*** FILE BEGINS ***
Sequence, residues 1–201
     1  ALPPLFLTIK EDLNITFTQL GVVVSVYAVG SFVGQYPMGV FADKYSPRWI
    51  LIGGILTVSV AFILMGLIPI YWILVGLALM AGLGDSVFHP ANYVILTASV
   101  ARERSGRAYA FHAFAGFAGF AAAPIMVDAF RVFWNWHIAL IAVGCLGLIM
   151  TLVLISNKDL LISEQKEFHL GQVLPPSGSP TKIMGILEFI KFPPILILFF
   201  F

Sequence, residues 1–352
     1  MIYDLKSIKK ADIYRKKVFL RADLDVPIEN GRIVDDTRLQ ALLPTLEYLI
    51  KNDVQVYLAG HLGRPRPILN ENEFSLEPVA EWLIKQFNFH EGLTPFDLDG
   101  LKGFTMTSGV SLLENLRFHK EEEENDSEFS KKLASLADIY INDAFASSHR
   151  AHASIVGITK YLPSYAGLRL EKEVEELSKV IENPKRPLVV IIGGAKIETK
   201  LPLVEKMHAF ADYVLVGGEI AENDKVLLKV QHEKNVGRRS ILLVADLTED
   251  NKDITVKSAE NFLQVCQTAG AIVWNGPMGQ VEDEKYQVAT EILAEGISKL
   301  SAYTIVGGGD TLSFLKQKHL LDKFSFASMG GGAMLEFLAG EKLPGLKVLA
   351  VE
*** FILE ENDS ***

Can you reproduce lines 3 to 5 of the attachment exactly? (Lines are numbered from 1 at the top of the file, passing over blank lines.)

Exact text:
    51  LIGGILTVSV AFILMGLIPI YWILVGLALM AGLGDSVFHP ANYVILTASV
   101  ARERSGRAYA FHAFAGFAGF AAAPIMVDAF RVFWNWHIAL IAVGCLGLIM
   151  TLVLISNKDL LISEQKEFHL GQVLPPSGSP TKIMGILEFI KFPPILILFF